Hi there,

I'm not too new with C#, but I've had a lot of questions recently (I've learned most of C# through experimentation, so that's probably a reason) that I'd like to help find answers for.

Anyway, sorry for the offtopic start! Let me get back on topic...

Okay, so let's say I have a non-static class (let's call this class Dogs), which calls a certain method (let's call this method Bark) a lot during it's life-time. Would it be more effecient to make this method, Bark, static or non-static?

Let me provide an example if I'm unclear:

Class with a non-static method:

//Class with non-static method
public class Dogs
{
    private bool Barked = false;
    Dogs() { }

    public void BreakIn() { this.Barked = this.Bark(); }
    void See() { this.Barked = this.Bark(); }
    public void Cat() { this.Barked = this.Bark(); }

    //Method that is called a lot:  
    public bool Bark() {
        /*insert barking code here*/
        return true;
    }
}

Class with a static method:

//Class with a static method
public class Dogs
{
    public bool Barked = false;
    Dogs() { }

    public void BreakIn() { this.Barked = Dogs.Bark(); }
    void See() { this.Barked = Dogs.Bark(); }
    public void Cat() { this.Barked = Dogs.Bark(); }

    //Method that is called a lot:  
    public static bool Bark() {
        /*insert barking code here*/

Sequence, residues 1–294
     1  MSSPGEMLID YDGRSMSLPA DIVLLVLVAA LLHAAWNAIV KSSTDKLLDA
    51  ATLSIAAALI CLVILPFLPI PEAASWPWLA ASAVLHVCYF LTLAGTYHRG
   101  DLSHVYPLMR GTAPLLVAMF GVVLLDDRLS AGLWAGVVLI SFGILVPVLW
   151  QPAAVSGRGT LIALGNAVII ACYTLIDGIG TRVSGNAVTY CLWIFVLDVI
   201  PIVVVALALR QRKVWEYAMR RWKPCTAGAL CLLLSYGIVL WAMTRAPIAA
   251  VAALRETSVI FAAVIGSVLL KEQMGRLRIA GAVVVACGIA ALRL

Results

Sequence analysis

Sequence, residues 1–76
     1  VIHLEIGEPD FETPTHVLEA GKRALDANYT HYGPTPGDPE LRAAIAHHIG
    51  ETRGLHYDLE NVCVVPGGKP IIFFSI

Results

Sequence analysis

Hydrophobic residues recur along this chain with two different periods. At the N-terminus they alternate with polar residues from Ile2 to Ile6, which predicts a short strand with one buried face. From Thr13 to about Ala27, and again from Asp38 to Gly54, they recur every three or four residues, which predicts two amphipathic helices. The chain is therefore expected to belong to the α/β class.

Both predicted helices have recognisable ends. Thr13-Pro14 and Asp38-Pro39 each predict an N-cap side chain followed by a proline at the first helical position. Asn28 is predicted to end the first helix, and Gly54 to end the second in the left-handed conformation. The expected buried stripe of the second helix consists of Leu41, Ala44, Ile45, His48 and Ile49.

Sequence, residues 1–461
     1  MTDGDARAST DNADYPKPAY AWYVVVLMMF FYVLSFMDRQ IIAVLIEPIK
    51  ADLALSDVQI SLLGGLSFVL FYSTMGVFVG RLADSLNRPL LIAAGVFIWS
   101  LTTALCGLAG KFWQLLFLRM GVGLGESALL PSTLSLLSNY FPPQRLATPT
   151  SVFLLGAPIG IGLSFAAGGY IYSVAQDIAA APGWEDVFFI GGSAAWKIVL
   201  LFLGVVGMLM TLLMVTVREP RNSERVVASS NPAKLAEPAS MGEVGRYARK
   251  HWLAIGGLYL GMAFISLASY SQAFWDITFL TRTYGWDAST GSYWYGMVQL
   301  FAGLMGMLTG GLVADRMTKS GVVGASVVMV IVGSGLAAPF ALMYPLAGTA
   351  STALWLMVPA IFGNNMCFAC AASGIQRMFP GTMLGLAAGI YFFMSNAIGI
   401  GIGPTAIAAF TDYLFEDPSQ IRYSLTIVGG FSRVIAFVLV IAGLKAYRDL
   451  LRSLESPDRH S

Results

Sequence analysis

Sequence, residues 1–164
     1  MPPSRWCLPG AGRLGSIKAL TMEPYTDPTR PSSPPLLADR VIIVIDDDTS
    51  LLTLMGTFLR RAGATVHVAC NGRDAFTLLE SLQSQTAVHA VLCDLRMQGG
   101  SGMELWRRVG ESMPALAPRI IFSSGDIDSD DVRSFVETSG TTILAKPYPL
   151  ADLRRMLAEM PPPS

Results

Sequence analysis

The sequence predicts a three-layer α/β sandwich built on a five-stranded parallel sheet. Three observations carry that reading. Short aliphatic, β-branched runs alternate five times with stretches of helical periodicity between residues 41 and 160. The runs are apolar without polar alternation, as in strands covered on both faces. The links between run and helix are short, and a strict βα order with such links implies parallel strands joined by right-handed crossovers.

return true;
    }
}

Which would be more effective? The former (class without a static method) or the latter (the class with the static method?)

I thought that the latter would be more effective, because then there would be one less method to initialize when Dogs initializes, because static classes are always there (cannot find a better word.) But, now that I think about it, if Bark has a lot things it needs to process, could there a problem of some sort?

Correct me if I'm wrong, please. And sorry if this is a silly question!

Thanks in advance,
~Sky

Edited 4 Years Ago by night_sky32

You really aren't saving that much memory (about 4 bytes) so I wouldn't worry about it unless you are building for embeded systems. As for issues, yes it can cause some. What if you decide you need to know how many times your dog barks. If you put a counter in there, it will count how many times all dogs bark, not just the one.

Don't worry about opimizing things, worry about making them work and in writing clear code.

Based on how you wrote it, it appears you are creating a non-static class (for either example).

Personal opinion, if you are just using it to access resources (like number crunching for example where you pass in and wait for a return) I would go static, but if you want to store variables of any sort to return (whether now or later on) go non-static.

I personally write Static methods alot because I like to break my program up in classes, usually with one class performing a function (again like a math formula, or something like that where variables are passed in and only need to return once)

In your examples, you call the function from within the class. I think the static/nonstatic decision only matters if calling from outside the class. Then it really depends whether it makes sense for the function to be independent of any particular object. (i.e. an instance of the object.)

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